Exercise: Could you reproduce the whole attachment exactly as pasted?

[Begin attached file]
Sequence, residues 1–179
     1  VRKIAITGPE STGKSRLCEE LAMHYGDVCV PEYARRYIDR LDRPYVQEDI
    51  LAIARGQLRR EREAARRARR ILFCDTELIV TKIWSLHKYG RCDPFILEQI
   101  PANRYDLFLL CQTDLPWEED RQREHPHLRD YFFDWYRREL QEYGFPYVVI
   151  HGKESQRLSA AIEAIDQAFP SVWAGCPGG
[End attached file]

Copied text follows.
Sequence, residues 1–179
     1  VRKIAITGPE STGKSRLCEE LAMHYGDVCV PEYARRYIDR LDRPYVQEDI
    51  LAIARGQLRR EREAARRARR ILFCDTELIV TKIWSLHKYG RCDPFILEQI
   101  PANRYDLFLL CQTDLPWEED RQREHPHLRD YFFDWYRREL QEYGFPYVVI
   151  HGKESQRLSA AIEAIDQAFP SVWAGCPGG